I’m not sure how my words will find you when you read them, but I pray that they find you well and bring you hope and perspective.
As I pondered God’s leading and commission to write about the subject matter of forgiveness, I’ve been considering how to write about the content of its substance in a way that is helpful and not harmful.
What is forgiveness from the cross? Forgiveness from the cross is forgiveness from a place of affliction. It is forgiveness that allows the will of God to be done in the lives of others. It is forgiveness that allows for the fullness of God’s plan to come together. Jesus states in Luke 23:34, “Father, forgive them; for they do not know what they are doing,” and He prays this prayer of forgiveness from the cross as He was being crucified (reference Luke 23:33-49 AMP).
You see, reconciliation is something that can take place within oneself, even if it cannot take place between you and the offender, because one shouldn’t allow unforgiveness to have power over them. One does not have to remain in a state of brokenness, even if the offender doesn’t choose to repair what they have broken. God’s intended state for our lives is wholeness, and we should embrace the fullness of it through the process of forgiveness.
If one truly wants to achieve healing within themselves, they must allow God to heal the wounds, because oftentimes the offender will not take the necessary actions.
Freedom from debt as it pertains to forgiveness is not just for the offender but for the offended as well because there are some debts that you will have to write off, and the reason for doing this is for your own peace, your happiness, and your restoration as a whole; so, forgive, and let the fullness of its measure be from your heart (ref. Matthew 18:23-35 AMP).
Forgiveness is not a tolerance for abusive or repetitive bad behavior but should be viewed instead as a gift and currency from Heaven that should be treasured and never taken for granted; for, to know right from wrong and still do wrong is sin (ref. James 4:17). The currency of forgiveness can bring restoration to the offended and to the offender, and the power of its purpose is meant to bring about healing. Forgiveness has a purpose, so, “if possible, as far as it depends on you, [allow forgiveness to be your measure, and] live at peace with everyone. Beloved, never avenge yourselves, but leave the way open for God’s wrath [and His judicial righteousness]; for it is written [in Scripture], ‘Vengeance is Mine, I will repay,’ says the Lord. ‘But if your enemy is hungry, feed him; if he is thirsty, give him a drink; for by doing this you will heap burning coals on his head.’ Do not be overcome and conquered by evil, but overcome evil with good” (Romans 12:18-21 AMP).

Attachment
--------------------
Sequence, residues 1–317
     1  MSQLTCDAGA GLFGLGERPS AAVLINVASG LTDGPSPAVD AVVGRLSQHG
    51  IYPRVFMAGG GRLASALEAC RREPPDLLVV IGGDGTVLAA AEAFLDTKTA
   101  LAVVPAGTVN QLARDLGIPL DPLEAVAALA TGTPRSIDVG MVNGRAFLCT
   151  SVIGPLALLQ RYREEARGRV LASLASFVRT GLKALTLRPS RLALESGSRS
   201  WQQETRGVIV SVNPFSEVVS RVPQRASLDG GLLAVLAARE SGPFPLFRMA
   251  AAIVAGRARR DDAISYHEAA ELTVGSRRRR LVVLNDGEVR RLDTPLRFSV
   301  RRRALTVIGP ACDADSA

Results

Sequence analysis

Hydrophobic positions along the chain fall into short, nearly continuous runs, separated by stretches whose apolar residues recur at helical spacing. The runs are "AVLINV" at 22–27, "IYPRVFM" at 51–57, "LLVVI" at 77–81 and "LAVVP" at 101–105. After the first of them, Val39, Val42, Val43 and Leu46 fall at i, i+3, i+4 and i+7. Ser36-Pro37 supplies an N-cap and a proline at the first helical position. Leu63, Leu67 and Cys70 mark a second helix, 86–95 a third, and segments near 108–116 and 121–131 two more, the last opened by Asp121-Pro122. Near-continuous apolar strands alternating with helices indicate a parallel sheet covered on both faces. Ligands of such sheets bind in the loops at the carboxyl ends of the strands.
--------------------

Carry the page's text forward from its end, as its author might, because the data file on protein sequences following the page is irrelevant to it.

Dear Reader, “be transformed and progressively changed [as you mature spiritually] by the renewing of your mind [focusing on godly values and ethical attitudes], so that you may prove [for yourselves] what the will of God is, that which is good and acceptable and perfect [in His plan and purpose for you]” (Romans 12:2b). Trust God even in the most difficult places, because He will see to it that you make it to the destination of His promises. I want you to know that you are not alone, and it is my prayer that this column will make you feel as though you have a place to belong and somewhere to call home.
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P.S., Yours Truly,
The Writer, Seneca Howard
About Seneca Howard
Seneca Howard is a pastor, author, mentor, and motivational speaker who inspires the lives of others through crisis ministry, counsel, and personal development.